Electron tomography enables visualization of proteins and organelles in situ; within the cell without isolation and purification. This method can be used under cryo conditions for cells, or at room temperature to look at fibers or other non-symmetrical particles.
Electron tomography of cells and biological material is a power 3D visualization method that can deliver both structural information about individual proteins as well as their spatial arrangements within the cell. Cryo-electron tomography bridges the gap between light microscopy and near-atomic resolution techniques like single particle analysis, achieving resolutions on the scale of 1-4 nm.
This method requires taking a tilt series of an object, followed by alignment, and then segmentation of objects of interest. Cell samples for tomography can be prepared using plunge freezing (Vitrobot) or high pressure freezing (Leica EM ICE). If plunge frozen cells or regions of cells are electron transparent (200 nm), they can immediately be used for tomography in our cryo-TEM (Krios). However, often cells need to be thinned and lamella created (Aquilos 2) before the sample is thin enough for tomography. Furthermore, cryo-fluorescence microscopy is often used with this method to identify the locations of fluorescently tagged features of interest in a method known as cryo-CLEM (sp8 cryo-confocal).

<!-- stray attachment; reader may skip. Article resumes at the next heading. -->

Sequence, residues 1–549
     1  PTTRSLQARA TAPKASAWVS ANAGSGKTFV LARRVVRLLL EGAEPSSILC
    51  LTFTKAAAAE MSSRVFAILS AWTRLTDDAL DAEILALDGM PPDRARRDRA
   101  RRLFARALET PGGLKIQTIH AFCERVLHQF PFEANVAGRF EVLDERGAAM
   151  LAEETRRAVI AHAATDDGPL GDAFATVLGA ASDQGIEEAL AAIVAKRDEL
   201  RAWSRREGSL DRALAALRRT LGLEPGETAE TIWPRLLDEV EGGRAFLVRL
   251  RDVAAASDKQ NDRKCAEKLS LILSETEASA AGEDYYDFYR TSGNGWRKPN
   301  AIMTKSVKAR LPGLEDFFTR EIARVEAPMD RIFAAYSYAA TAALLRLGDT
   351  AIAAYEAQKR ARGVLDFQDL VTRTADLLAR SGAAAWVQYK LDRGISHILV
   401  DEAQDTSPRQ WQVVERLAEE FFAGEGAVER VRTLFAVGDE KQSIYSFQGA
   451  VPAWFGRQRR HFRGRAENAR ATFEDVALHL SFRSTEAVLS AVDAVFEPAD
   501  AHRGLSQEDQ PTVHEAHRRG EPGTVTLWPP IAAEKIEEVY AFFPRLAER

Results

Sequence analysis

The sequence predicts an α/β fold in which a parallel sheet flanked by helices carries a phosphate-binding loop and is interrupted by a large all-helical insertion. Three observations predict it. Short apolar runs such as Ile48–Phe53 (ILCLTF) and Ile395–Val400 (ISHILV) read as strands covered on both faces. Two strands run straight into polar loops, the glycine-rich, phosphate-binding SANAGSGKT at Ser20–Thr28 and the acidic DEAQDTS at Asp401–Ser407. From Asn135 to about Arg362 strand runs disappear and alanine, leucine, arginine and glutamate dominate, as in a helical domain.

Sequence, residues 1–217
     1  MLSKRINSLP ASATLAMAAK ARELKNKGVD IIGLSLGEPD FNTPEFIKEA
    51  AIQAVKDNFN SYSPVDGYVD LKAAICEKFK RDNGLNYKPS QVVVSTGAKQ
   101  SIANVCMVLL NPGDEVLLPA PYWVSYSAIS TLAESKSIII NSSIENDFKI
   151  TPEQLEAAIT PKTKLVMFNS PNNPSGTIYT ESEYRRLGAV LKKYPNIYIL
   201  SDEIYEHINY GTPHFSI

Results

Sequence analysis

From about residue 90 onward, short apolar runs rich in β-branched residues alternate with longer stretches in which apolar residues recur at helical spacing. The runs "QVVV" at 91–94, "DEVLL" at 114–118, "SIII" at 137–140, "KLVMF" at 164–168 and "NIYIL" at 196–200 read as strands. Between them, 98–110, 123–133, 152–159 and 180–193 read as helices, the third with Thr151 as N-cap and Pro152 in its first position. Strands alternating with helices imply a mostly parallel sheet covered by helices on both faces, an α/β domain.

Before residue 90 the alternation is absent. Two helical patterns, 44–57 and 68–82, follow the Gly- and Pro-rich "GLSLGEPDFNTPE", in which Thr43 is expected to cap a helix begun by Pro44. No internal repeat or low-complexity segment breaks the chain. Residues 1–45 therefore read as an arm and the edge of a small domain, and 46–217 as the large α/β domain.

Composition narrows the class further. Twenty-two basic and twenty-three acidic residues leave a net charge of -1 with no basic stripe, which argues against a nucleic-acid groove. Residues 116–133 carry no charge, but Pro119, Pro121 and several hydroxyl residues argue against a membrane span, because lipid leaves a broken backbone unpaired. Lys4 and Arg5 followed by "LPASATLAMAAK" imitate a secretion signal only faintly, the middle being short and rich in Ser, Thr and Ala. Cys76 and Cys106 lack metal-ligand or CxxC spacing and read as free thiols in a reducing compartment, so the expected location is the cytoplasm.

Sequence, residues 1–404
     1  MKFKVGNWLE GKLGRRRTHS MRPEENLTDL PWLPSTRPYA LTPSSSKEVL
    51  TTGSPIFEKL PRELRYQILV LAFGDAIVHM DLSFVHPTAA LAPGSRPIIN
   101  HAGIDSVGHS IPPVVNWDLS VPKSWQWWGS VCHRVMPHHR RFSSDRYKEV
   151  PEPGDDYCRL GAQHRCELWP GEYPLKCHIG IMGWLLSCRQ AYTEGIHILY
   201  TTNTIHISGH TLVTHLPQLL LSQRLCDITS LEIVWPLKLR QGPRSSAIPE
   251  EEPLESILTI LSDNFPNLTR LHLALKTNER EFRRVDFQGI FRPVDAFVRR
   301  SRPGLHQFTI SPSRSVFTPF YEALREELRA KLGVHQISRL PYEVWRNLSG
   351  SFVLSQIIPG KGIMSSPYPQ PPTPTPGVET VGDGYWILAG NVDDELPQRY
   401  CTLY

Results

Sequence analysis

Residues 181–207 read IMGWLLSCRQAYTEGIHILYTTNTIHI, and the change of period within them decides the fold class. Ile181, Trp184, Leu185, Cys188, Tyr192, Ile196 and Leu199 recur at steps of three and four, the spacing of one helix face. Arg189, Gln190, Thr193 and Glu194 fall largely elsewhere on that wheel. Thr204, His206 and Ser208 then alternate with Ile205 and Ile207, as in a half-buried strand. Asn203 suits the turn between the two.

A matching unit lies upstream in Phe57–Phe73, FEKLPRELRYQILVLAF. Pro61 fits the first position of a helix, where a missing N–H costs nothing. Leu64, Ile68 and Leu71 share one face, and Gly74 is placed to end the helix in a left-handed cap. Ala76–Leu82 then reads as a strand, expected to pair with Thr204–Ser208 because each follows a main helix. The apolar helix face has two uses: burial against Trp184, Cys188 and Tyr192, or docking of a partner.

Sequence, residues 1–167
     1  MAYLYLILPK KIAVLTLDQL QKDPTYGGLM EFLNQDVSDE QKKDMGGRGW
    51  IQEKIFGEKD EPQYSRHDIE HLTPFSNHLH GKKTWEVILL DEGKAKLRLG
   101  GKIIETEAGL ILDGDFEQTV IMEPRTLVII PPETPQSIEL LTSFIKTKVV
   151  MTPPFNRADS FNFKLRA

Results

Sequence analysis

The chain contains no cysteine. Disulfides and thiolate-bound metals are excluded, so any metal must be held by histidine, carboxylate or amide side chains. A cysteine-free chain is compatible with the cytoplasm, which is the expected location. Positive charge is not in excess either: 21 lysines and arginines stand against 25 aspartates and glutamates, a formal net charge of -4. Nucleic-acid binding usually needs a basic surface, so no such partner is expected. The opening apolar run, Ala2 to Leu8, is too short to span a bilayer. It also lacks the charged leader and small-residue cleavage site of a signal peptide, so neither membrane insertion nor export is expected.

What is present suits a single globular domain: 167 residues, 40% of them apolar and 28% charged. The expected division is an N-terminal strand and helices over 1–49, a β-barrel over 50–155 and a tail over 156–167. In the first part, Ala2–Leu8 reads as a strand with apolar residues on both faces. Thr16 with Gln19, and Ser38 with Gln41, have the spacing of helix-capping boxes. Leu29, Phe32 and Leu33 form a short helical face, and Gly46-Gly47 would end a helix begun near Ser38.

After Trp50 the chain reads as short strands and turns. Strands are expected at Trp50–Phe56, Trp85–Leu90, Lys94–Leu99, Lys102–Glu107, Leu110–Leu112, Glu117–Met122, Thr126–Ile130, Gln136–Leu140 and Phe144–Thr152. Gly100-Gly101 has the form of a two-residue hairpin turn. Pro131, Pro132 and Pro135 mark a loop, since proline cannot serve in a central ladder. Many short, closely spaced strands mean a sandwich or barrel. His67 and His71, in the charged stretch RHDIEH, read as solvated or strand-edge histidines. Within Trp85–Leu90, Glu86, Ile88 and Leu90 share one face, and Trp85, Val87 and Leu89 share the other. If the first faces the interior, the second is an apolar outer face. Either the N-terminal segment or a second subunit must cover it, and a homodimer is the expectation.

The workflow may vary dramatically depending on your target but here are a few examples using the 3D-EM facility’s instrumentation:
- Vitrobot ► Krios
- Vitrobot ► Aquilos ► Krios
- EM ICE ► sp8 cryo confocal ► Aquilos ► Krios
Data collection softwares available for the Krios: Tomography, Serial EM
Processing softwares available: WARP, Amira
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Getting Started with In Situ Cryo-Electron Tomography.
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